The Best Bike Sites for Cycling and Fitness

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You’re making your daily commute to work and you pass by a half dozen of them. Those neon-clad folks riding their skinny bikes are clearly riding back and forth to the fountain of youth. How else do you account for people of all ages voluntarily spending their weekends making twenty, forty, and fifty-plus-mile treks through the mountains, and calling it fun? Tired of missing out? Before you hit the road, get informed on why cycling is more than just a great way to get from here to there.

Adult Bicycling

Adult Cycling

Adult Cycling

Adult Cycling has all the information you need to know to bike safely. This site will give you an overview of traffic laws and rules that effect cyclists, along with articles that will help you keep your bike in good working order, and a list of the pros and cons of various terrains. You can also read the his and hers blogs, “Ned’s World” and “Caryn’s Corner.” The links page will direct you to all sorts of associations and forms, but avoid the site map—it will throw you into a messy page full of code. A final facet of the site’s purpose is to sell the DVD, “Geared Up: The Essentials of Adult Bicycling,” which is touted as a must for anyone who wants to get back on her bike and ride for fitness, transportation, or fun.

>>adultbicycling.com

 Bicycling Life

Bicycling Life

Bicycling Life

Bicycling Life is a very welcoming site that shines for it’s comprehensive anatomy page: if it doesn’t make you an expert at bicycle repair, it will at least convince the people at the bike shop that you know what you’re talking about. The safety column, “Frank n’ Fred,” could use a “back/next” button, as you have to navigate back and forth from the site map to read these and other articles. Still, it’s good advice delivered in a conversational tone. Bicycling Life covers topics of interest to anyone who has ever ridden a bike, and you can find out about distance events and races as easily as you can read articles on practical cycling that will green your weekly errands. And if you want to make your own city safer for cyclists, check out the advocacy page.

>>bicyclinglife.com

 Active.com

Active.com Cycling

Active.com Cycling

Active.com’s segment on bicycling is geared toward the more extreme cyclist. It that’s you, don’t miss this site. Here aspiring distance riders can talk to seasoned pros, pick up training tips, and discuss gear. You’ll be inspired to get down and dirty with your mountain bike after reading the articles about nationwide cyclo-cross events. Active.com stands out once again for its unmatched section on nutrition that offers practical tips for fueling up before long rides, as well as weight loss and muscle building plans. You might be disappointed if you try to enter your location to find events. You’ll probably be better off searching locally, as it seems events must be registered with Active.com to show up on this page.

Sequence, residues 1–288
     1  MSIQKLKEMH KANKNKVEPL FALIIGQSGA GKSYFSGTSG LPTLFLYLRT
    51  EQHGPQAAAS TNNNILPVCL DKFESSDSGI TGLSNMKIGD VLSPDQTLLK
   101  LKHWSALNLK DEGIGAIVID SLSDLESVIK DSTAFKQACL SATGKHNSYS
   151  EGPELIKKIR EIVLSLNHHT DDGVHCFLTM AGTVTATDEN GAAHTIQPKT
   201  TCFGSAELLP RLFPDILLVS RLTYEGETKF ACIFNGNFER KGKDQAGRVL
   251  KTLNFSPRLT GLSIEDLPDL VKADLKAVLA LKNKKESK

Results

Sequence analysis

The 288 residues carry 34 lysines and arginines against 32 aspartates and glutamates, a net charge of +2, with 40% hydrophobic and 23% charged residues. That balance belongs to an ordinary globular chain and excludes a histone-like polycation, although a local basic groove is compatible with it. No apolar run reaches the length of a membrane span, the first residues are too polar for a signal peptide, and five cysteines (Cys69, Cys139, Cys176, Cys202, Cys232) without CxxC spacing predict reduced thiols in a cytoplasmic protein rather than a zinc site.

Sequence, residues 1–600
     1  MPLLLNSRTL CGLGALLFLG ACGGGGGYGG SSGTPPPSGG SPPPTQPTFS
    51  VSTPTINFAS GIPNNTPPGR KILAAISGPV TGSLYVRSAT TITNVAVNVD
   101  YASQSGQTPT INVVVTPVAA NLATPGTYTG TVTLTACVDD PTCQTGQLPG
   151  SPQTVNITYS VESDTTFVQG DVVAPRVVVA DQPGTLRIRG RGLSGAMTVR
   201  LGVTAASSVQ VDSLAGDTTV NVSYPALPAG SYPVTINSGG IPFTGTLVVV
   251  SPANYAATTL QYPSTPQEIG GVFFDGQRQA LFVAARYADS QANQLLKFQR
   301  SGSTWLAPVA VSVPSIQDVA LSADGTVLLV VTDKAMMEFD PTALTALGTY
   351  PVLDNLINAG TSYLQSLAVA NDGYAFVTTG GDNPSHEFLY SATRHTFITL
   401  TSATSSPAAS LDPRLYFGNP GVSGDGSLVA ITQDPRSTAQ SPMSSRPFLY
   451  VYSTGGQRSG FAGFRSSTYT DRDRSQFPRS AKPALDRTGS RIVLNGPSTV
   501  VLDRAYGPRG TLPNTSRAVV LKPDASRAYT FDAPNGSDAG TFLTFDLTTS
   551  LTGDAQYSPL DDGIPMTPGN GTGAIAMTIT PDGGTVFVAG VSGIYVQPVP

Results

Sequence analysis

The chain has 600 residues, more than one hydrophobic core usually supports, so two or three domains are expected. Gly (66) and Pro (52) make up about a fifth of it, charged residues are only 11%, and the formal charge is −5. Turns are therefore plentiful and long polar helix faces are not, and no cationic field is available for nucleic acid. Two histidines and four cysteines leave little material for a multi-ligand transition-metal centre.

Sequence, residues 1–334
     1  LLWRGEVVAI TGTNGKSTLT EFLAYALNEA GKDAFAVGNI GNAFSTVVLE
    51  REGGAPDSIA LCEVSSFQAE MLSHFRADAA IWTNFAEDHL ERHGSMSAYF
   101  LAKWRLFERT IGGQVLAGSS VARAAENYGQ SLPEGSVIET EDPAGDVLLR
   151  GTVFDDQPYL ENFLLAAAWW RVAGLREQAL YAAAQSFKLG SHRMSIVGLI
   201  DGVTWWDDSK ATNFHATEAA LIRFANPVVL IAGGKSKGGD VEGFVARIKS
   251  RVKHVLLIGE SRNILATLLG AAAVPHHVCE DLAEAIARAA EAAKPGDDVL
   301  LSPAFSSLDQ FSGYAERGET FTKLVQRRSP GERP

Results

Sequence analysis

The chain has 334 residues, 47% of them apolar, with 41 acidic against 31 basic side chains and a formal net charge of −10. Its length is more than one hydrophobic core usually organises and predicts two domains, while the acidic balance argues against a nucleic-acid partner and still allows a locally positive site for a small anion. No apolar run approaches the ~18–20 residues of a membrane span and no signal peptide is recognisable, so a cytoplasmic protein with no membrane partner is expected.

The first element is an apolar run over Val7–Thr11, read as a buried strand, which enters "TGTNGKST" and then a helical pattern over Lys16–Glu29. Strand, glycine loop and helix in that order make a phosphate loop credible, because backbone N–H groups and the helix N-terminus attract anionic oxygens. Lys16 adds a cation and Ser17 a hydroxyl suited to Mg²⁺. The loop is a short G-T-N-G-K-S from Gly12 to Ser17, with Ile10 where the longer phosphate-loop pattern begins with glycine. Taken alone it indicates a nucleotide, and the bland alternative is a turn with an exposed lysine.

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>>active.com/cycling

Utah Mountain Biking

Utah mountain Biking

Utah mountain Biking

If you’re interested in mountain biking for fitness, visit Utah Mountain Biking. You’ll get a great training regimen, complete with cross-training and target exercises you can do in the gym or at home to prepare yourself for the rigorous sport. If you live in Utah, or plan on visiting, you’ll appreciate the map of bike trails. There’s also a nice, thorough first-aid section with a clickable list of complaints and treatments, as well as tips for building a portable first-aid kit. If you’d prefer to purchase one instead, they’re for sale starting at $4.95. If you want to purchase more stuff, there’s an online shop where you can get gear, clothing, DVD’s, books, and nutrition bars and gels. There’s a decent section on bike repair, which is bound to be your saving grace if you run into trouble on an excursion.

>>utahmountainbiking.com

 Bicycling

Bicycling

Bicycling

Cycling enthusiasts will love Bicycling: and online counter part to the print magazine of the same name. You’ll find cycling news and tons of product reviews by actual people who have put the gear, the clothes, and the bikes to the test. This site also has a store finder, which is accompanied by reviews of the venue. The food and nutrition section isn’t all bran muffins and energy gels: check out “Eleven Cold Beers for Hot Rides,” an article that makes a convincing argument for the restorative properties of a cold one after an intense ride. Search for your own neck of the woods under the Ride Maps menu to discover new trails, or find group riding events near you. The library of videos is gigantic and ranges from cycling news and incredible feats to practical guides to training and step-by-step instructions for small repairs. The blogs focus on a myriad of topics: racing analysis and news, commuting, mountain biking, and advocacy. If you like, you can subscribe to the print magazine here as well.

>>bicycling.com

Improve Cycling

Improve Cycling

Improve Cycling

Improve Cycling is a pithy little page with direct, informative articles that focus heavily on the fitness side of cycling. This is going to be a huge help to anyone who has resolved to pick up cycling to get back in shape, as many of its articles work together to help you design your own training and fitness plan. Take advantage of the training zone calculator to make the most of your rides. The nutrition department may also be of interest to you, although like most sites, it doesn’t feature recipes for the shakes and high energy meals it encourages you to consume. You can also subscribe to the blog, which focuses not only on fitness, but on cycling news, products, and racing.

>>improvecycling.com

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